Most biomedical applications involving nanoparticles require targeted delivery into specific cells. To develop more potent nanocarriers, it is important to understand their cellular uptake mechanisms.
While traditional small molecule drugs enter cells mainly through passive diffusion or active transport, nanomedicines are transported across the membrane via endocytosis. Endocytosis is generally classified into phagocytosis, pinocytosis and receptor-mediated endocytosis. Of the three primary endocytosis mechanisms, pinocytosis is mainly a passive mechanism of moving small liquid molecules inside the cell membrane and is not largely applicable to our nanoparticles. Most nanoparticles above ~5 nm in size are internalized into cells by either receptor-mediated endocytosis or phagocytosis.
Phagocytosis or ‘cell eating’ is the non-specific internalization of particulates. Immune cells including macrophages, neutrophils and monocytes as well as cancer cells are also known to internalize nanoparticles through phagocytosis. Relatively larger particles are more likely to use this route. But the cargo contained in the phagosomes will be destroyed by acidification and enzymolysis in the lysosomes. Therefore, to produce desired effects, nanomedicines need to bypass this route to avoid degradation.
If nanoparticles are coated with biomolecules (e.g. peptides, proteins, antibodies, ligands, affibodies, aptamers) specific to receptors on the surface of cells, the nanoparticles will bind to the outer membrane of the cell. If those receptors naturally induce receptor-mediated endocytosis, nanoparticles will follow and be sequestered inside the cell. Therefore, if you use targeted nanoparticles (nanoparticles conjugated with cell-specific biomolecules) then the dominant form of cellular uptake, by design, is receptor-mediated endocytosis.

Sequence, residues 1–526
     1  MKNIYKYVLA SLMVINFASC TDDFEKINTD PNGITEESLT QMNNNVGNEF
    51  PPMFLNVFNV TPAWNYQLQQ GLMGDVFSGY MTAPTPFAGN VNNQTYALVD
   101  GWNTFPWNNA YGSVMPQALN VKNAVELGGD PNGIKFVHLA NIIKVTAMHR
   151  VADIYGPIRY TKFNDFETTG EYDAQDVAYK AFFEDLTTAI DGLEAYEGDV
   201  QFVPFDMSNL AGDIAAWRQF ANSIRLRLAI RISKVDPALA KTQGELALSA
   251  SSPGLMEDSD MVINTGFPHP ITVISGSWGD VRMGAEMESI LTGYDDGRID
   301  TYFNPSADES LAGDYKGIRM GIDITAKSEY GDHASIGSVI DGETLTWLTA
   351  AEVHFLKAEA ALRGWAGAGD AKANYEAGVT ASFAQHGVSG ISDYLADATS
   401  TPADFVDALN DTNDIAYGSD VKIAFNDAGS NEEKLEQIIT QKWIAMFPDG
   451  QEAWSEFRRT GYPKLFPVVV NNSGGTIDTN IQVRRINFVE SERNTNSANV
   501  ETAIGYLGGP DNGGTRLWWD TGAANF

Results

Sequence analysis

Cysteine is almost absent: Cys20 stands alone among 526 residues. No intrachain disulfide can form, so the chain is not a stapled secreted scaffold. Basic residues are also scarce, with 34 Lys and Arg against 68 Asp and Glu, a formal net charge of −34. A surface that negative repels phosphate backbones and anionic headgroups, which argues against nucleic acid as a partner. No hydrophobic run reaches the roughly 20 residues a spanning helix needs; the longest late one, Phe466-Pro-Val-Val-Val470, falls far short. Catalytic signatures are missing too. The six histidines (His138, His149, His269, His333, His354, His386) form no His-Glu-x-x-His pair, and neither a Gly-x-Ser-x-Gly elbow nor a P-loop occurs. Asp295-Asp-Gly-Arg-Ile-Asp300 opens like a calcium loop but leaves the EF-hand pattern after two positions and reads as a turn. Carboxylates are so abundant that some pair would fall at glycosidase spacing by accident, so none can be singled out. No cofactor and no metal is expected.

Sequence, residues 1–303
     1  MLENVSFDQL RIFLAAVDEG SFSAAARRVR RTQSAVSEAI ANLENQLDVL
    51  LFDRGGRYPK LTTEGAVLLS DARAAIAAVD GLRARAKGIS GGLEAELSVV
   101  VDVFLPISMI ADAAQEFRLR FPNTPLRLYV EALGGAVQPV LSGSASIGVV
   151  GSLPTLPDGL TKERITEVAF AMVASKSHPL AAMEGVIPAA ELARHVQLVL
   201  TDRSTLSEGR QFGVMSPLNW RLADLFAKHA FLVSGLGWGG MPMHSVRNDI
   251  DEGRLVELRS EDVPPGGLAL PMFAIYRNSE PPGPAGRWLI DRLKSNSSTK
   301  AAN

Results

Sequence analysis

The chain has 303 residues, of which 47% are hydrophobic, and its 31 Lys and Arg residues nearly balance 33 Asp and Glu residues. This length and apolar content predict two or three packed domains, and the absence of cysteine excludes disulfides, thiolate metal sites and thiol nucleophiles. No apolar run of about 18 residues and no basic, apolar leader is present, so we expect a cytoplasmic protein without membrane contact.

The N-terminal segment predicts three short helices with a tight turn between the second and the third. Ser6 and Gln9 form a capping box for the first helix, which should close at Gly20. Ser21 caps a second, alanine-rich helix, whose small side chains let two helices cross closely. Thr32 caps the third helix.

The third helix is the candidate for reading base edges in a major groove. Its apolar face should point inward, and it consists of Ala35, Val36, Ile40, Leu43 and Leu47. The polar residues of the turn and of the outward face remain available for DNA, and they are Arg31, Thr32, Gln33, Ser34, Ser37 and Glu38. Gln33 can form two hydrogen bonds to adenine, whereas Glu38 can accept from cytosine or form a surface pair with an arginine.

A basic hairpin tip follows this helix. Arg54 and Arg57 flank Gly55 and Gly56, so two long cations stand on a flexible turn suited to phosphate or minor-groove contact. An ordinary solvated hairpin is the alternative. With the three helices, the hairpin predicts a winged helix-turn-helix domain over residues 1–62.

In some cases (such as macrophages or certain cancer cell lines) phagocytosis may be adequate for cellular uptake of nanoparticles. However, in most cases receptor mediated endocytosis is preferred over phagocytosis.
Depending on the size and surface charge and a few other factors, a specific cellular internalization route may be preferred over others. The following factors are believed to contribute to the entry of nanoparticles into cells and influence their final destination:
Despite the growing body of literature in this area, controlling the intracellular delivery fate and localization of nanoparticles remains a major challenge. Feel free to contact us if you need additional information on the uptake of a specific category of nanoparticles.
In addition to gold nanoparticles, NanoHybrids also develops nanocarriers that are custom designed for intracellular delivery and endosomal escape of therapeutic agents.
If you are considering using nanoparticles for targeted drug delivery, drop us a line and we can help with particle design & formulation.
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